Why We Should Redefine "The Mundane" to "Glory"
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“Because children have abounding vitality, because they are in spirit fierce and free, therefore they want things repeated and unchanged. They always say, "Do it again"; and the grown-up person does it again until he is nearly dead. For grown-up people are not strong enough to exult in monotony.
"But perhaps God is strong enough to exult in monotony. It is possible that God says every morning, "Do it again" to the sun; and every evening, "Do it again" to the moon. It may not be automatic necessity that makes all daisies alike; it may be that God makes every daisy separately, but has never got tired of making them.
"It may be that He has the eternal appetite of infancy; for we have sinned and grown old, and our Father is younger than we. The repetition in Nature may not be a mere recurrence; it may be a theatrical encore.”
G.K. Chesterton, Orthodoxy
It would seem that repetition has a way of lulling us to sleep; monotony a way of robbing us of sight, or else leaving us in the stupor of disinterest.
I am certain ... there was a time when we found ourselves, like every child, delighting in the monotonous, longing for another minute with grandpa, another page of the story, another trip down the slide.
The incongruity is unmistakable.
How can our failure to see be blamed on monotony, unconscious living attributed to the repetitive, when at one point monotony and repetition were not only tolerated but invigorating?
Blindness can easily be blamed on the world around us—and there is certainly reason to consider the daily effects of all that bombards our senses—but perhaps this is too easy an answer. Perhaps the scales on our eyes are multiplied not by the many repetitions in life, but by our failure to see life in the many repetitions around us.
Jesus spoke of the kingdom as belonging to the likes of little children, and many have speculated the child’s ability to see the world with wonder as one of the reasons for it.
G.K. Chesterton saw the child’s ability to revel in the monotonous as another. The children’s cry for more, reasoned Chesterton, is a quality of the very God who created them.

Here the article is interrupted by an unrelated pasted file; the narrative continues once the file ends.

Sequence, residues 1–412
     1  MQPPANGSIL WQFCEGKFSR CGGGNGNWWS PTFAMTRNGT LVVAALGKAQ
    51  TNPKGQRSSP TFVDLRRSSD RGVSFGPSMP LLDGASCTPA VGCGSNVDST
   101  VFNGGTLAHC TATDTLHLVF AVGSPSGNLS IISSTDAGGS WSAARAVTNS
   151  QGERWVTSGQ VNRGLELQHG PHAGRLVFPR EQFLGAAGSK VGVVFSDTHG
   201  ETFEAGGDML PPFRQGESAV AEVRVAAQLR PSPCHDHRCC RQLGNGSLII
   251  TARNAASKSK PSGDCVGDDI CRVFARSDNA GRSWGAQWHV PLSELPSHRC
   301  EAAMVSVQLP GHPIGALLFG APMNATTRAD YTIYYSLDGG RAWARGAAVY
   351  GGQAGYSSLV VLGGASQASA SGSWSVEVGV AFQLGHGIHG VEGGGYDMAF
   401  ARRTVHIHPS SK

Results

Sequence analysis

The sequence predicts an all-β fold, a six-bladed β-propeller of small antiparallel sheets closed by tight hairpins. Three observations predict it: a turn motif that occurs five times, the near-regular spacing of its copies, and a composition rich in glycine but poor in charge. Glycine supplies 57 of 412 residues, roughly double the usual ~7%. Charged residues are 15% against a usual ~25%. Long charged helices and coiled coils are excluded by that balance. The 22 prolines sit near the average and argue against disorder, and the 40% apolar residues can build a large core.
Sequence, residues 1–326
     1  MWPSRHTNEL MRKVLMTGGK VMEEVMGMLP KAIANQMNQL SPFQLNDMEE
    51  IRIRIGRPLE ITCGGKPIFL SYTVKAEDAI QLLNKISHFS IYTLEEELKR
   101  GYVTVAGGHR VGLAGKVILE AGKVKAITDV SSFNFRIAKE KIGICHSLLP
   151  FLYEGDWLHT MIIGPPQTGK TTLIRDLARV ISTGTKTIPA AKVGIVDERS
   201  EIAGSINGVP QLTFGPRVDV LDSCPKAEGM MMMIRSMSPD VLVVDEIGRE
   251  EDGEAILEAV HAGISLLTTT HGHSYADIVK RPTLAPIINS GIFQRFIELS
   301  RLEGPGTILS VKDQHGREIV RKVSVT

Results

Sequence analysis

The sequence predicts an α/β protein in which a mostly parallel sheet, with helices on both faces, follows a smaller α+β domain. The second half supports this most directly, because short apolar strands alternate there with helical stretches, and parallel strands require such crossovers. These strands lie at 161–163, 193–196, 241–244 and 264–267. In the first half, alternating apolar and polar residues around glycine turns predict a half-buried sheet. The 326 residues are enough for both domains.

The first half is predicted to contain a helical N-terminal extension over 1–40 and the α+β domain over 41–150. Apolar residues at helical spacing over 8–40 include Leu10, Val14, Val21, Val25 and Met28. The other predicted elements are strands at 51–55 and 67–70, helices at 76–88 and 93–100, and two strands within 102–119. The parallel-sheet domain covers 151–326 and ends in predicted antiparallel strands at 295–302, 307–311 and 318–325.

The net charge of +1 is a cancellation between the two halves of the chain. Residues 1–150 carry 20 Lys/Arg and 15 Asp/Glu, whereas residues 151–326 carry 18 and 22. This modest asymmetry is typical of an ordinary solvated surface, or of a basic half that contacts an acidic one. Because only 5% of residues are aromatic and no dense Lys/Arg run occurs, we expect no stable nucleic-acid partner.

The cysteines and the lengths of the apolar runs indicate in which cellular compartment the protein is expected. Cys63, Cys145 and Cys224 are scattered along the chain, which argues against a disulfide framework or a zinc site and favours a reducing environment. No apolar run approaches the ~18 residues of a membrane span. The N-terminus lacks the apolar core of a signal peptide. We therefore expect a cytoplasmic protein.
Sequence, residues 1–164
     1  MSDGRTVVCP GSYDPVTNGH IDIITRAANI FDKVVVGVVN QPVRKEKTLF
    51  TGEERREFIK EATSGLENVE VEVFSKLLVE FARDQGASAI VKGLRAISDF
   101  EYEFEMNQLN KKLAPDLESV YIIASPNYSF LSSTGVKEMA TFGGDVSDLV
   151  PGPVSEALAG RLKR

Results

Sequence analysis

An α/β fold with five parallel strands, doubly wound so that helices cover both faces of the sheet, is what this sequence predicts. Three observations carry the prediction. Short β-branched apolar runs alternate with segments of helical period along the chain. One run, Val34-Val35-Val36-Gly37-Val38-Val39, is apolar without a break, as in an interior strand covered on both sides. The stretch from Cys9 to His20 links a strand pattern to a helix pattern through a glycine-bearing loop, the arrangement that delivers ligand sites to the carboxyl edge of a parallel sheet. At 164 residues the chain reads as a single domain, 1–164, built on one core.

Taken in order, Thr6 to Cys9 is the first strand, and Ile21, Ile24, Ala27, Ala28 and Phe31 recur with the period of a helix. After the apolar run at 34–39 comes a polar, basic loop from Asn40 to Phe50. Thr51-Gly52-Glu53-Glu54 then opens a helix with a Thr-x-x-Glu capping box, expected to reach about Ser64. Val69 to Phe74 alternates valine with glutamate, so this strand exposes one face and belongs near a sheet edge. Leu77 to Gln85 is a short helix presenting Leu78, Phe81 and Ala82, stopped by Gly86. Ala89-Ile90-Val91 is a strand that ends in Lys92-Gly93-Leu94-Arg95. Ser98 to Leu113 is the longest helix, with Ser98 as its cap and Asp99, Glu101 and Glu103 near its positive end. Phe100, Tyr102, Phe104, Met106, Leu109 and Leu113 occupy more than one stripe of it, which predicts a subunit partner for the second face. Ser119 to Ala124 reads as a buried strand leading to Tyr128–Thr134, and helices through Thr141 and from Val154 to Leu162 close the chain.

For the child on the slide or the toddler with a story, “Do it again!” is far from a cry of boredom or routine, but a cry for more of life itself. This is likewise the joy of the psalmist, the cry of the prophets, and the call of Christ: “Consider the lilies, how they grow … if God so clothes the grass of the field…how much more will he clothe you?” (Luke 12:27-28).
Jesus asks the world to consider the kingdom around us like little children, and thus, something more like God—finding a presence in faithful recurrences, grace in repetition, an appetite for an incredible world in the ordinary one around us. Here, even those within the most taxing of life’s repetitions—the daily care of an aging parent, the constant burden on the shoulders of those who fight against injustice, the labor of hope in a difficult place—can find solace.
“But this I call to mind, and therefore I have hope,” said Jeremiah in the midst of deep lament. “The steadfast love of the Lord never ceases, his mercies never come to an end; they are new every morning …’ The Lord is my portion,’ says my soul, ‘therefore I will hope in him'” (Lamentations 3:22-24, emphasis added).
Morning by morning, the daily liturgy of new mercies comes with unapologetic repetition to all who will see it, the gift of a God who revels in the creation of yet another daisy, the encore of another sunset, the discovery of even one lost soul.
-Jill Carattini, managing editor at RZIM's A Slice of Infinity